Today one of my Twitter friends posted something that struck an uncomfortable chord:
I don’t have a similar confusion about my sexuality – I’m much too tired to pretend anything about it – but I have recently come to question myself in a similar manner about my career: how much of my desire to make music is really out of a need for acceptance and adoration?
I don’t think the answer is “all of it”, but I do think the answer is “a bit too much”. Because, like most artists, I’m a bit of a narcissist. This is OK. It’s just that really great artists combine their narcissism with a tremendous passion for and belief in their work, and I just don’t know if I have that.
This explains an awful lot: why in spite of my talent I haven’t really succeeded – metaphorically shouting “HEY LOOK AT ME” is nowhere near as interesting as “HEY LOOK AT ME AND THIS AMAZING AND COOL THING I’M DOING!”. Why when I allow myself to daydream about my career I don’t daydream about performing, I daydream about being discovered in a dramatic fashion. Why when I feel jealousy towards other singers it’s not for their voices or skills, but for the work and the attention they get.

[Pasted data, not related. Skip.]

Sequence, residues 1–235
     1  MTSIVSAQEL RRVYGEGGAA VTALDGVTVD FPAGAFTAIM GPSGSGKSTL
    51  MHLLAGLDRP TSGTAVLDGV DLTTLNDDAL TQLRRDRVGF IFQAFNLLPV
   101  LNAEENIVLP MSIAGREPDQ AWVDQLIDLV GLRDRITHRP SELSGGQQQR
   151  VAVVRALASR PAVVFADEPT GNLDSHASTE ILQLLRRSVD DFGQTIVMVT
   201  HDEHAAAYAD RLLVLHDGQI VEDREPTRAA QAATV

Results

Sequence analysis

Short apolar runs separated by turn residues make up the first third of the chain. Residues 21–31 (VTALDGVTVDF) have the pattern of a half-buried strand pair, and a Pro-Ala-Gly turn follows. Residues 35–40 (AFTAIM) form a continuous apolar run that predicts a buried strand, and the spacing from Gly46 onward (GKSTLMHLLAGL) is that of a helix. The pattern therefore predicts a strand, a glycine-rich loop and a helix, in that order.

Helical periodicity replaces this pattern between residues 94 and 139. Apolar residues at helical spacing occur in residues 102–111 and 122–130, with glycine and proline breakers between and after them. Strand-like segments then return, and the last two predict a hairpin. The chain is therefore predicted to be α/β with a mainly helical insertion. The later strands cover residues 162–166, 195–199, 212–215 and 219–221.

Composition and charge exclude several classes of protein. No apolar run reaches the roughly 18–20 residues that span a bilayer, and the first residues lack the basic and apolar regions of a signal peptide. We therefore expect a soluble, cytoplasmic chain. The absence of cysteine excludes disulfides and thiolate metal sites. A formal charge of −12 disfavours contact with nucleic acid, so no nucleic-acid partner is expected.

…Why, no matter what I do, I’m never happy with music, because what I want from it is not something it can give me.
As my Twitter friend pointed out in our conversation, positive attention is a legitimate human need. It is damn near universal to want to be accepted, valued, and celebrated. So I’m not going to beat myself up for this very human desire.
I should just maybe stop trying to get it fulfilled by singing. And then maybe I can make some music that really amazes me.